All is here and at the same time in the boundless distance.
Anton and I got up while the rest of them were still asleep. We quietly set off up the road, while the morning mist still lay on the empty grassy slopes and the trees. In such a dawn, a man is far removed from and untrue to himself. What had risen from sleep and trod the hard boards was a mere robot called Berk. Nothing is happening and there is no existence. I think I know why religious people say their morning prayers. In the same way, a wise driver warms up his engine before taking to the road. In spite of everything, I must think, feel, survey the countryside, know that I am alive. The dead of the past few days have not yet started to decompose. I shall remember the new arrival, Miha, for the next ten or twelve years. Eat and crap, Miha, Does anyone know when the morning begins? This morning presumably began at dawn. Or did it?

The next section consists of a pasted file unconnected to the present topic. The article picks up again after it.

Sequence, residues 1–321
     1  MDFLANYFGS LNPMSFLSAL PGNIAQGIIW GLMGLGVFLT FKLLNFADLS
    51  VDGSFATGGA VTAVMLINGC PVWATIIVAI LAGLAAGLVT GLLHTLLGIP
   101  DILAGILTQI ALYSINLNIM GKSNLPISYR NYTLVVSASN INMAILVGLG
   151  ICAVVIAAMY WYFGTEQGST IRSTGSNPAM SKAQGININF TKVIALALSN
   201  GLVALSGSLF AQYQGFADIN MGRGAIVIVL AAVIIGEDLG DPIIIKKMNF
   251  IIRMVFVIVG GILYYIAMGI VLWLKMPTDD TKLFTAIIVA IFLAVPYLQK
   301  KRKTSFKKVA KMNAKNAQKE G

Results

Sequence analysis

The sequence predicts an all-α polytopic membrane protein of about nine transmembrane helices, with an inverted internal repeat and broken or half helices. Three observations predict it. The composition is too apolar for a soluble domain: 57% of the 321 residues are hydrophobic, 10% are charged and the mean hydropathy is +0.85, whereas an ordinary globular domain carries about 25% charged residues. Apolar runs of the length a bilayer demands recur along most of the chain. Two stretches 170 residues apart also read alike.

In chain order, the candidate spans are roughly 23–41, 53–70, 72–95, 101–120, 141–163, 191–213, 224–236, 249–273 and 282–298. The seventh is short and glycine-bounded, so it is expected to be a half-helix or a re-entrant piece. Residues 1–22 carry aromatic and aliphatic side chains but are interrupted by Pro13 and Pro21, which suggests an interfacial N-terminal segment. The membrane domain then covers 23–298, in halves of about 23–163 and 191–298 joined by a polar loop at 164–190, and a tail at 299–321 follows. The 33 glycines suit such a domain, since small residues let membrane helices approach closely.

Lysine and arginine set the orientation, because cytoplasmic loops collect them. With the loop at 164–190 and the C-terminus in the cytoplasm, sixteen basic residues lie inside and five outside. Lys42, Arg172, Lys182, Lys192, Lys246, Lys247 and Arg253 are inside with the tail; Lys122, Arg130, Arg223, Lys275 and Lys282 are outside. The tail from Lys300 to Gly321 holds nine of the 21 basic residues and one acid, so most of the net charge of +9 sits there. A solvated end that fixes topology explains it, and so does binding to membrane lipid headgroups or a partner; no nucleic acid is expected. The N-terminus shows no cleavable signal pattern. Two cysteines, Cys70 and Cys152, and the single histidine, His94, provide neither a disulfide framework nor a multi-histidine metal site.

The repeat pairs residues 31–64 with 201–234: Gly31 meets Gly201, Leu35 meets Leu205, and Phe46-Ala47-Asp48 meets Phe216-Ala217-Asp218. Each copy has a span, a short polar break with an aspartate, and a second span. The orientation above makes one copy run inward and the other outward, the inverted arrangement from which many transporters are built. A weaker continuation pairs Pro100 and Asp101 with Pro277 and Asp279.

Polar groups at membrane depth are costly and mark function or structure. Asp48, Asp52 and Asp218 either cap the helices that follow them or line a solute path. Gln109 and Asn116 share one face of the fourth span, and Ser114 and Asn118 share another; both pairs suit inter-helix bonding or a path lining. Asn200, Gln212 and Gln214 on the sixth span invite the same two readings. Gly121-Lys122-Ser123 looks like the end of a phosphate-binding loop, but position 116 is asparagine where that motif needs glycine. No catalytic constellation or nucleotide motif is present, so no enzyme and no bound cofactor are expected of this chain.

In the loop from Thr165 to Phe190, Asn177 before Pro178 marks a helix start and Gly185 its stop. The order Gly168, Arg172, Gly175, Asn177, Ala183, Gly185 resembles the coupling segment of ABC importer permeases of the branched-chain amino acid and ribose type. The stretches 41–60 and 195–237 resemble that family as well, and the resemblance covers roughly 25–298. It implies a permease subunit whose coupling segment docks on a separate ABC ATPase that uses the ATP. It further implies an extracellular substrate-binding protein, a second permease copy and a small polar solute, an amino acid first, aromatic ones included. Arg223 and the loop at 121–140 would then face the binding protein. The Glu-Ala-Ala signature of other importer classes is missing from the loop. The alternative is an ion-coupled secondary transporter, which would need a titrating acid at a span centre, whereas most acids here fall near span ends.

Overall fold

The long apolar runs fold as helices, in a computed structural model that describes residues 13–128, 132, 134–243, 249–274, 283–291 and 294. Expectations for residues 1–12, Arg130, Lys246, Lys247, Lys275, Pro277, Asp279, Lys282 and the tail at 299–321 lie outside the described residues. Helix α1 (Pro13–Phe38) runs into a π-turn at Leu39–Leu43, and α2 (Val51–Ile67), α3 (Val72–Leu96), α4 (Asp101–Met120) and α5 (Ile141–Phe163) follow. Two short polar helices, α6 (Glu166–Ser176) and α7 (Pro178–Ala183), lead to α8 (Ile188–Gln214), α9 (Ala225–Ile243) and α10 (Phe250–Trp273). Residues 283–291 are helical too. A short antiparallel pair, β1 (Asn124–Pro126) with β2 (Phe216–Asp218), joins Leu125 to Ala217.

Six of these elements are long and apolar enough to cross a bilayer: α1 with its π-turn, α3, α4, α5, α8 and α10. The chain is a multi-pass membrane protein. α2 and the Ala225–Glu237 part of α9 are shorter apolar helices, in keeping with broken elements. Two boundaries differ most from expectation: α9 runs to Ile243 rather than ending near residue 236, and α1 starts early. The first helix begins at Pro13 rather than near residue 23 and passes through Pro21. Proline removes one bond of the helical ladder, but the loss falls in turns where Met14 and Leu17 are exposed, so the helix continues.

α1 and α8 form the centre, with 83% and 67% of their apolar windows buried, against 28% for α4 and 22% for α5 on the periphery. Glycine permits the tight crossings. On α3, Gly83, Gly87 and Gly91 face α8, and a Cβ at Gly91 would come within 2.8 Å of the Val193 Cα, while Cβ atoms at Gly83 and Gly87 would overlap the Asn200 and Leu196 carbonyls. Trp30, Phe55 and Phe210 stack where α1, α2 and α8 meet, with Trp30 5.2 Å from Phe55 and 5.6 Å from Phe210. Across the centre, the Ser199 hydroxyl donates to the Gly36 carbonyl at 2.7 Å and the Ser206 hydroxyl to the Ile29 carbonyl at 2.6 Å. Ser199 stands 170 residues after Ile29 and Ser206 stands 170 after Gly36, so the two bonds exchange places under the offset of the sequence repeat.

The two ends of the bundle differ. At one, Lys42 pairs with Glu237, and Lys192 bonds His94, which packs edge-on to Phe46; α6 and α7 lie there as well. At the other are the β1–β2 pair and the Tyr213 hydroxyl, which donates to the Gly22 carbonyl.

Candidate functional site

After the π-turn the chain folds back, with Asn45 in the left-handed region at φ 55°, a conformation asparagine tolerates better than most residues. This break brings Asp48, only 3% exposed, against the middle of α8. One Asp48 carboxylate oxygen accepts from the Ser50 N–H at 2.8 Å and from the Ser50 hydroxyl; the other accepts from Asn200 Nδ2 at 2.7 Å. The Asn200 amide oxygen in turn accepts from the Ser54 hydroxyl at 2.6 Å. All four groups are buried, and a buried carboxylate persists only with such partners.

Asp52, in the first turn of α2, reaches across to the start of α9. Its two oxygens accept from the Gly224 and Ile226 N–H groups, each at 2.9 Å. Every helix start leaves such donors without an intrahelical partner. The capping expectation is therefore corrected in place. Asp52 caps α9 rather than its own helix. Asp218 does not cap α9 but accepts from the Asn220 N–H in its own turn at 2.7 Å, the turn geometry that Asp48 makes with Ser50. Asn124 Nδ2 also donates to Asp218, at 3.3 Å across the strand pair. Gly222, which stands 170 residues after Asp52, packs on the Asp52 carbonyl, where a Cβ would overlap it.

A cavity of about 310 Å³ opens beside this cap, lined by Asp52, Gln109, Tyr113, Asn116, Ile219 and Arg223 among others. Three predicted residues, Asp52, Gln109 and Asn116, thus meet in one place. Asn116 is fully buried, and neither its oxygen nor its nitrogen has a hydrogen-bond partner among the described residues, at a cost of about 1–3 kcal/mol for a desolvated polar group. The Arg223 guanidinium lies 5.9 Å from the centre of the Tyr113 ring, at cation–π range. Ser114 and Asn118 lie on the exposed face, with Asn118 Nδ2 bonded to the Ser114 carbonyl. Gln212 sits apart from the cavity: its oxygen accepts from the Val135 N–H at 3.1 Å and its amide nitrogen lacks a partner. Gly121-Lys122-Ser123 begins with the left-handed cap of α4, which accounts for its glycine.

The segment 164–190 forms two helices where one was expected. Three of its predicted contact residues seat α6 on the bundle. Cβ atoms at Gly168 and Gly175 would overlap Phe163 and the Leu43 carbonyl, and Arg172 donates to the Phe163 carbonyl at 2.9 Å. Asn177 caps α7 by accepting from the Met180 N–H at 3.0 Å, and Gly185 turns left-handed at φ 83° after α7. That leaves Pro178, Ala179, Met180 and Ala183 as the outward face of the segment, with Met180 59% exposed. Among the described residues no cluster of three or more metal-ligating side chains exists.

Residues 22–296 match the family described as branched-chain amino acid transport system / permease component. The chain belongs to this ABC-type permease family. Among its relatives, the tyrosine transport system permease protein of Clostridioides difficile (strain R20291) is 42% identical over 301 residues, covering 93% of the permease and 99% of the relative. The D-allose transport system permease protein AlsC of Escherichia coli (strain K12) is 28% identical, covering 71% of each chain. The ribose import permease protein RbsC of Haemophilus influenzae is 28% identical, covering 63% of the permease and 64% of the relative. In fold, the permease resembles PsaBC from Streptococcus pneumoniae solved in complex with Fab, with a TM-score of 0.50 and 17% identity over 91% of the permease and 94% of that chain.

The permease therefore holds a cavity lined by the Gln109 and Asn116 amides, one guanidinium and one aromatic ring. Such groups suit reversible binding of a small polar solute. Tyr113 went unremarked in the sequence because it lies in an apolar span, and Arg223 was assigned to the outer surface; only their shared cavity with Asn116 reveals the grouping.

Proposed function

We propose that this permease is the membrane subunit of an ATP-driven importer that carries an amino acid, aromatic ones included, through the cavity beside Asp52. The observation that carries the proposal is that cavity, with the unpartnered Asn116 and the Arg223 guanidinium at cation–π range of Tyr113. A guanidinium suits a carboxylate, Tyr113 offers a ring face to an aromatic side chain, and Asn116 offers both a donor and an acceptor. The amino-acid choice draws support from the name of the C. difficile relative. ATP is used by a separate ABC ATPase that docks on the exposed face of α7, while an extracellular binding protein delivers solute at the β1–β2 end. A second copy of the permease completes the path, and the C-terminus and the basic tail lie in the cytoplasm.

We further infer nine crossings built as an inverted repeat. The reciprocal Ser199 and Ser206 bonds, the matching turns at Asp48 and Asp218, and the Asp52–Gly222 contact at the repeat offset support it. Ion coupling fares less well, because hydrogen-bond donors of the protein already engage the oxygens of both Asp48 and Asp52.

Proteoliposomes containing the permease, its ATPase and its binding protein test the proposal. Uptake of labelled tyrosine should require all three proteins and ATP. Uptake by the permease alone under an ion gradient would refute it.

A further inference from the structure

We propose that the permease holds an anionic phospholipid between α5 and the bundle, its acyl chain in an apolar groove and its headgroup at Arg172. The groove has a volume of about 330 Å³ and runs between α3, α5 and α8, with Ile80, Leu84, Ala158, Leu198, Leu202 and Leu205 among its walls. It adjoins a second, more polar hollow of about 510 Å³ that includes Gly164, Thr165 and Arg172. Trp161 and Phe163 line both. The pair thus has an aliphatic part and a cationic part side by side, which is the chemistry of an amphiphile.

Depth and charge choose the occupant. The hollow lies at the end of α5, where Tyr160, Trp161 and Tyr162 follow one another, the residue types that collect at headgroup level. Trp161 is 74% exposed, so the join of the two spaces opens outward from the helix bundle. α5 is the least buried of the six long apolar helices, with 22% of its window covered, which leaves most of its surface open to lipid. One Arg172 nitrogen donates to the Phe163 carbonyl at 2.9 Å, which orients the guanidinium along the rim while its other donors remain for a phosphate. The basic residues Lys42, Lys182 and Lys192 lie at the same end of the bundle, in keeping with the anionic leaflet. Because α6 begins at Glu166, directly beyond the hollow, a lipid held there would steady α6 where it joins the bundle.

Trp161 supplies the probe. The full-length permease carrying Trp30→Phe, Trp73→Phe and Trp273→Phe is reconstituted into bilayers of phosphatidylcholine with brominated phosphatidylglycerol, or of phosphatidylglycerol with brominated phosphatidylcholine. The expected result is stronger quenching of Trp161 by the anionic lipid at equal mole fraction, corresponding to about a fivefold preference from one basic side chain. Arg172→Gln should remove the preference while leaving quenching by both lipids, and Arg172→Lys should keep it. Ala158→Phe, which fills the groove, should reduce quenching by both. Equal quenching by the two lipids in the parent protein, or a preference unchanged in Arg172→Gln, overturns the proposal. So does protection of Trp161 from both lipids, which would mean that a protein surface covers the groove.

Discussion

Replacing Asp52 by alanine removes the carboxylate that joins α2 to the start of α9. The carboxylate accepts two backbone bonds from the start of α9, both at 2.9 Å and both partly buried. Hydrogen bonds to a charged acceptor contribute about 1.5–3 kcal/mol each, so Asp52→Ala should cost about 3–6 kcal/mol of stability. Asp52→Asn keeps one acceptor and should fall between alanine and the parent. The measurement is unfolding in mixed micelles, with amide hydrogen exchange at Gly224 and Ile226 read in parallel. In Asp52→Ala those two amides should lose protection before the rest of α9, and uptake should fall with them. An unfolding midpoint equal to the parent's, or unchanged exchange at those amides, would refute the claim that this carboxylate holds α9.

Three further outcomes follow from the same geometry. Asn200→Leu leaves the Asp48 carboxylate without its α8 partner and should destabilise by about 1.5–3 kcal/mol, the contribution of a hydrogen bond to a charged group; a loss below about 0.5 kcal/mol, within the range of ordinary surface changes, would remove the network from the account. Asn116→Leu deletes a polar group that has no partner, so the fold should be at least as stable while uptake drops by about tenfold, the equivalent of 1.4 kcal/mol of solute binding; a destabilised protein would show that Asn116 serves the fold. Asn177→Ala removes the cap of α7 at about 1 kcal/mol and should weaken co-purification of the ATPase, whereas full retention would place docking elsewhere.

We arrived at the, village when the first sunlight was beginning to break through the mist. The hens were already scrabbling in the yard of the modest homestead. The mules were standing by with drooping heads. How could so many have survived the retreat? A horse ready saddled. The early morning bustle of partisans in and out of the houses. A child in a heel-length night-shirt, apparently male. A sheaf of straw. Doves. A hen with her brood of chickens. A lad with a machine-gun. A peasant woman with a pail of water. For God’s sake! Is it going to begin again? Anything you like but no repetition of the things we already know, please? A cock on a rooftop. How did he get up there? He stretches his neck and crows. This must be the beginning of the new day. Where is the assembly point? Fine, thanks a lot. Maybe, some time after the war, I shall be walking up and down the terrace of a strange house, without belonging to any organization, without having to remember where I am to report, without wondering where I am going to be posted; maybe. We reported, then went to a hay-shed, where we bedded down on a heap of hay, first arranging a comfortable depression and a pillow, then gazing up at the underside of the timbers of the loft; the roof tiles were loose in places and the sun shone in through the fissures. Dare we doze off? Hunger would waken us. Our only worry was that we might miss cook-house call. Or maybe it was not so important; after all, we knew potato and maize flour was to be had from the houses, perhaps even milk and bacon too. "Nel mezzo del cammin di nostra vita…" - at the half-way point of our life’s road: the opening phrase of Dante’s Divine comedy. Thirty years of age, they say it means. By the lines on my palms I estimate I still have long to live. God knows where and how I shall spend my thirtieth birthday… "Mi ritrovai per una selva occura…" - I found myself in a dark forest… And I am falling into the abyss, into the depths of the void; but why have I also a pain in the guts? I listen to a dull echo of an inner question: what, at that moment, caused me such pain? I thought of that long, long road before me. I would be always groping for the meaning of things, always deceived, always having a feeling that I could not put into words, that I could never tell others of: I exist… I am… but I do not know why, how or wherefore; I do not know from whence I came nor whither I am bound; I do not know what rules my bodily organs, I cannot imagine why I am sometimes depressed and sometimes full of enthusiasm; I do not even know what lies beneath the soles of my feet. A planet? Minerals? There are a thousand answers, - and none. I rise from the abyss with all my nerves jangling. Slowly I calmed down and possibly even dozed off.